I suggest this one.

stone-brewing-ipa-6-pack*1200xx864-486-0-103.jpg

Share this post


Link to post
Share on other sites
7 hours ago, HuronBouy said:

Burns on the way in but unfortunately on the way out too 

maxresdefault.jpg

Share this post


Link to post
Share on other sites

Oh, your peppers look really cool! However I don't like to add such hot spices into my food, I tried pizza with them some time ago and my mouth burnt! :lol: So now I try to avoid them in my food :lol:
And at home I tried to grow only onion and garlic, I'm not a gardening person at all :lol:

Share this post


Link to post
Share on other sites

Hello, my little friend.

Yellow_Scorpion.jpg

Share this post


Link to post
Share on other sites
On 8/30/2017 at 9:00 PM, Major Tom said:

Hope you haven't got cross pollination or you could end up with completely different fruit next time round.

Could make for some interesting blends though. 

Edit,

just realised this thread is a couple of years old, any good recipes for making sauces anybody?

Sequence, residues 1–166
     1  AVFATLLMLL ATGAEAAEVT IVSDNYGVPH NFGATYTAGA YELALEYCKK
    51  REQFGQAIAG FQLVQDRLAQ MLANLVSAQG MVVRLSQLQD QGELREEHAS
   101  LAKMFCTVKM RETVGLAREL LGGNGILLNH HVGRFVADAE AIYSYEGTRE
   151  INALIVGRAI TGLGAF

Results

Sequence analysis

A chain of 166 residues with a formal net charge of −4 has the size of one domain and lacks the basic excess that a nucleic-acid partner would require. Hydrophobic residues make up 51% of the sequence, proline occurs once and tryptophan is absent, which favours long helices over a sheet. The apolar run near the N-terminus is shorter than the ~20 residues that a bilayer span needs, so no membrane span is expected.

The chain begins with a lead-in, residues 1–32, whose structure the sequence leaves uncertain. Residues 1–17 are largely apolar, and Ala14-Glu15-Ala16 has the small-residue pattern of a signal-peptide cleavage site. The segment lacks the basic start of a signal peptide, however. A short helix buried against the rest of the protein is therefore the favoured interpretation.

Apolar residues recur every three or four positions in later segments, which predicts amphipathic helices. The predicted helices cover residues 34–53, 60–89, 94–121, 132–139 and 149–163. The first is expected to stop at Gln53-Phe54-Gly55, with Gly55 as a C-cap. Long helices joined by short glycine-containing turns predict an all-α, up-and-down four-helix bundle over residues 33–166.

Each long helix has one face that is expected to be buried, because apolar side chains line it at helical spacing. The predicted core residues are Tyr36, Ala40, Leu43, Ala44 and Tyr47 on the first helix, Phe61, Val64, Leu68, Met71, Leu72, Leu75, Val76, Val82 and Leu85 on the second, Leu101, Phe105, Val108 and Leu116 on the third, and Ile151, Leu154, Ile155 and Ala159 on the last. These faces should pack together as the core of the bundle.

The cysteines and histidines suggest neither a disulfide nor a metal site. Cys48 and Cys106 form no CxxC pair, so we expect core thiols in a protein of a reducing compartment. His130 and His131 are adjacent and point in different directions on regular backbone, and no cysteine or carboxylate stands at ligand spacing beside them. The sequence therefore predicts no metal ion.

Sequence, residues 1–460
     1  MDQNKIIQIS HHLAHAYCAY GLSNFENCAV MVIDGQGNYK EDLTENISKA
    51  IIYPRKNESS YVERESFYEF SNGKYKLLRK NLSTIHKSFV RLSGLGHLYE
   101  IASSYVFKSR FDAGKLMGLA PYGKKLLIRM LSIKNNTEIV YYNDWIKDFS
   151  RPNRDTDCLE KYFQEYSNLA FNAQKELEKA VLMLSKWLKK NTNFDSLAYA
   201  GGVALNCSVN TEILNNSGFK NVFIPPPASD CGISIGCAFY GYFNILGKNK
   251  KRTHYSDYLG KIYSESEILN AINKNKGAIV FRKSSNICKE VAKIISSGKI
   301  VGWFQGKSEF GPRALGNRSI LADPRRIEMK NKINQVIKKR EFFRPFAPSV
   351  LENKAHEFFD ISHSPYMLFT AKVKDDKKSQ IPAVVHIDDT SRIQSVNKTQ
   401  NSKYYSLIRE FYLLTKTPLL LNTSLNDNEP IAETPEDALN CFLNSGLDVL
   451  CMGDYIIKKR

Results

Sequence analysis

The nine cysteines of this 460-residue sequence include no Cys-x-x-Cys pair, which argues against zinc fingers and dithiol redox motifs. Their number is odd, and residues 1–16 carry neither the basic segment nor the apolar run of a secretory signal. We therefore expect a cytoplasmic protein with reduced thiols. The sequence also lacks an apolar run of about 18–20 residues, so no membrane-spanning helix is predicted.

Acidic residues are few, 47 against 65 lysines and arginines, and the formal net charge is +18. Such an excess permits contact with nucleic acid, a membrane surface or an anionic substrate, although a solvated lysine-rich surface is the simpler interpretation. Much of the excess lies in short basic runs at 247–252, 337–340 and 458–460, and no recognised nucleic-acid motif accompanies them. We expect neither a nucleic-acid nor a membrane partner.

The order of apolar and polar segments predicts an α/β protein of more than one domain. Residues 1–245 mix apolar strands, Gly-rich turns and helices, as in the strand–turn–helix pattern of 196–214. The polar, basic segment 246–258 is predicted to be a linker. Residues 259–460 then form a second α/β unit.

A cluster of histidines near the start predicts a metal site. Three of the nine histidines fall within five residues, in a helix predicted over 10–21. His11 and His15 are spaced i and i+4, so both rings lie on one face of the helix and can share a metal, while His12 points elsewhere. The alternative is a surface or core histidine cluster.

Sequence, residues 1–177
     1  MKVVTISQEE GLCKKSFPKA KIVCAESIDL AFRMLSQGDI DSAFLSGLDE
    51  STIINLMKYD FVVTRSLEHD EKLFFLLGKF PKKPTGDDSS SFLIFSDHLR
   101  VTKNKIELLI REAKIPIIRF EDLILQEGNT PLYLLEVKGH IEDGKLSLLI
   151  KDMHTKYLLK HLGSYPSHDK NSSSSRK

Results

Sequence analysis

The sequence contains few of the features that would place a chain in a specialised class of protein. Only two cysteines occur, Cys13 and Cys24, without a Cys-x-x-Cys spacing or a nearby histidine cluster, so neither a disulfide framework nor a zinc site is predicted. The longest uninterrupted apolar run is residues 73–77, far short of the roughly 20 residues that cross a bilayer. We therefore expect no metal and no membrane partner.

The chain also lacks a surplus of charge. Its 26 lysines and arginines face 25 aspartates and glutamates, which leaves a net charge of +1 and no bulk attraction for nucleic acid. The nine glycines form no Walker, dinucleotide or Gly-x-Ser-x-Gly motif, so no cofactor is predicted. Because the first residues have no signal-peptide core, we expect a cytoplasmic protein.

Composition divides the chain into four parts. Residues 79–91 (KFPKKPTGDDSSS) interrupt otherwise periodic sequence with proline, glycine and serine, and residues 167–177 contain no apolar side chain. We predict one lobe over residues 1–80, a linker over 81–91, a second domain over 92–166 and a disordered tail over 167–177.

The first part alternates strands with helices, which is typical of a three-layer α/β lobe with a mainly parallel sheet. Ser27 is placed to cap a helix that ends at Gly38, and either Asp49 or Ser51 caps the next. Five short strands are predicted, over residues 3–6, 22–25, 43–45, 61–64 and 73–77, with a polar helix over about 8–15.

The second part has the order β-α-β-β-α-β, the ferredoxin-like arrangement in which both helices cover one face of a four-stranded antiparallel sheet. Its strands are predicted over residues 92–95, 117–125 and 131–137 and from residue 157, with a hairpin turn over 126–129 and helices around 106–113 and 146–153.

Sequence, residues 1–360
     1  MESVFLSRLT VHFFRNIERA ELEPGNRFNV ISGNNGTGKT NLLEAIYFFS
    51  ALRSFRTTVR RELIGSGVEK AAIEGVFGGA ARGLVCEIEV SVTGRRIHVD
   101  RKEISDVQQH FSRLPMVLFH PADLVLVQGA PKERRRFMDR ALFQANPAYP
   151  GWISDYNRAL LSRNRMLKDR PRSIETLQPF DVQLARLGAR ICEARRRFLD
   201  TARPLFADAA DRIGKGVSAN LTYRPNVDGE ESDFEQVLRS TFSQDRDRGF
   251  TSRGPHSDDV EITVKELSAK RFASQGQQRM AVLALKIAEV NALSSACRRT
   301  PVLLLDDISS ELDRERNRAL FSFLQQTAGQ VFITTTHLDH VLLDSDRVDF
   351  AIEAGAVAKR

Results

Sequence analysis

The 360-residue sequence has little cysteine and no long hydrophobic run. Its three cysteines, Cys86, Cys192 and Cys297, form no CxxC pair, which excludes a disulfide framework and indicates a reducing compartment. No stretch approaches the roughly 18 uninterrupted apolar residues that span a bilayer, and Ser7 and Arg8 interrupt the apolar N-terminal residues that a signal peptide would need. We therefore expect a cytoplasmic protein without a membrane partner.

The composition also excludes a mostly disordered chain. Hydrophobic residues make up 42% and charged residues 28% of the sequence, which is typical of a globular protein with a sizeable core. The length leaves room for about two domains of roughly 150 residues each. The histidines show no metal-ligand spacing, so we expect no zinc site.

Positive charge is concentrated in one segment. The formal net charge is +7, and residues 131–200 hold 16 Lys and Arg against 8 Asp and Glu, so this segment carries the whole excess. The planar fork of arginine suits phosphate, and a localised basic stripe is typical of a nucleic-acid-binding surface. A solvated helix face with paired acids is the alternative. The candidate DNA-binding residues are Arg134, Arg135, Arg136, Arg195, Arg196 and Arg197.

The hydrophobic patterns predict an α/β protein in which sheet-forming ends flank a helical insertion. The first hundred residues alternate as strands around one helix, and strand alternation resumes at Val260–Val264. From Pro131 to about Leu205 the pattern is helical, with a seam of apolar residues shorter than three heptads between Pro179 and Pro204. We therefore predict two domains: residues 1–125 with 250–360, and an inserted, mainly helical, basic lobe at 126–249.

Share this post


Link to post
Share on other sites

FYI ... I planted a genetic jalapeno plant in the shadow of a new Lemon tree

FUCK ME .... HOTer than eating Steam and lots of Flavor.

I'm going to save the largest couple for seed to see if they might just grow that way as a standalone plant

I like to put different Chilies next to each other to see what ya get

I LOVE HOT ...  But Must be Flavorful as the 1st quality or you could gut heat a spoon to burn yer tong 

FB_IMG_1568141001131.jpg

FB_IMG_1568140994574.jpg

Share this post


Link to post
Share on other sites

I make this all the time. Good stuff.

Quote

Habanero Salsa and Red Onions

Pickled red onions 3 large (about 1 1/2 pounds total)

red onions, sliced 1/8 inch thick 2 cups fresh sour orange juice  OR 1 1/3 cups fresh lime juice plus 2/3 cup fresh orange juice